- The system may predict which sets are most relevant to a user, based on several factors specific to the user and/or the personal computing device, such as location, time of day, signals from other computing devices associated with the user or known to the device, recent activity on the computing device, etc.
- Implementations may support versioning of the sets so that a change that restructures the information in the set does not break applications that use the set.
How a Personalized Entity Repository Is Constructed
An entity repository is broken into several fixed sets or slices.
These sets that are:
We see those entity sets in a flowchart from the patent:
The system may determine the sets at a server and provide only those sets to a client device that are relevant to that client.
The sets downloaded to the client are a personalized entity repository that can be accessed without connecting to the server.
The client device may include a set identification engine.
The set identification engine may include a prediction model that predicts one or more sets given some text, images, or other features.
The prediction model may be used to determine which sets are most beneficial to the user.
The set identification engine may also track the location of the user to determine which location sets may be most relevant.
Sets may be ranked for the user of the client device based on several contexts (e.g., based on the user’s location, a user’s search history, content the user has been viewing on the device, time of day, signals from other devices, etc.)
Examples of the Use of a Personalized Entity Repository
The post I linked to about a User-Specific Knowledge Graph provides some examples of what might be seen in a personalized knowledge repository.
This patent provides a couple of examples, but not in much detail.
A Trip to Hawaii
If someone is researching a trip to Hawaii, the system may determine that a set with entities related to Hawaii is particularly relevant to the user.
This Drawing from the patent shows information about entities from Hawaii being shown to a searcher:
A Flight from NYC to LA
If a user flies from New York to Los Angeles, the system may determine location sets for Los Angeles are relevant.
Providing Information About a Movie
The drawings from the patent provide this example of when an entity might be identified from a personalized entity repository:
The client device may use the rankings to determine which sets to retrieve and which to delete from memory.
If a set previously downloaded is no longer relevant, the system may remove that set to make room for another set.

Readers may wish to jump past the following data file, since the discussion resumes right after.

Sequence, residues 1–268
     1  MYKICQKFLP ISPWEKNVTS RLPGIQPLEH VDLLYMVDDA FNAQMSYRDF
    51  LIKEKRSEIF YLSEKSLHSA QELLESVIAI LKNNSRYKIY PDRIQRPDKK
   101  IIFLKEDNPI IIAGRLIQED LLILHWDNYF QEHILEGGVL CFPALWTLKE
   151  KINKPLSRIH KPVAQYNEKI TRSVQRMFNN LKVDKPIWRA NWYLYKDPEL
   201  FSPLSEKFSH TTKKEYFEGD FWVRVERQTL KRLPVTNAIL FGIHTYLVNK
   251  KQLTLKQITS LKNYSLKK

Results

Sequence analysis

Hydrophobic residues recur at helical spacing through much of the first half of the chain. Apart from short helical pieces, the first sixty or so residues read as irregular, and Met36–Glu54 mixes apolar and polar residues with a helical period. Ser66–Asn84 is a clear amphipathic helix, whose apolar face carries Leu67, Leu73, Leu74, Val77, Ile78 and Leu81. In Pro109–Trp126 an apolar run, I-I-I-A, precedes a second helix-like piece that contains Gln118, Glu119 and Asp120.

The system may employ set usage parameters to determine which sets to include in the personalized entity repository at any time.
The user may establish and control the set usage parameters.
Updating a set can include determining a delta for the set to reduce the data transferred to the client device.
In some implementations, the sets may be versioned (e.g., so that a schema change does not break the applications using the model.)
Using a Personalized Entity Repository can include:
- Identifying fixed sets of the entity repository relevant to a mobile device user based on context associated with the mobile device.
- Ranking those fixed sets by relevancy.
- Determining selected sets from the identified fixed sets using the rank and set usage parameters applicable to the user.
- Updating the personalized entity repository using the selected sets.
The Personalized Entity Repository patent can be found at:
Personalized Entity Repository
Inventors Matthew Sharifi, Jorge Pereira, Dominik Roblek, 0Julian Odell, Cong Li, David Petrou
Applicants Google LLC
Patent application number: 20200226187
Published Date July 16, 2020
Filed Date: July 1, 2019
Systems and methods are provided for a personalized entity repository. For example, a computing device comprises a personalized entity repository having fixed sets of entities from an entity repository stored at a server, a processor, and memory storing instructions that cause the computing device to identify fixed sets of entities that are relevant to a user based on context associated with the computing device, rank the fixed sets by relevancy, and update the personalized entity repository using selected sets determined based on the rank and on set usage parameters applicable to the user. In another example, a method includes generating fixed sets of entities from an entity repository, including location-based sets and topic-based sets, and providing a subset of the fixed sets to a client, the client requesting the subset based on the client’s location and on items identified in content generated for display on the client.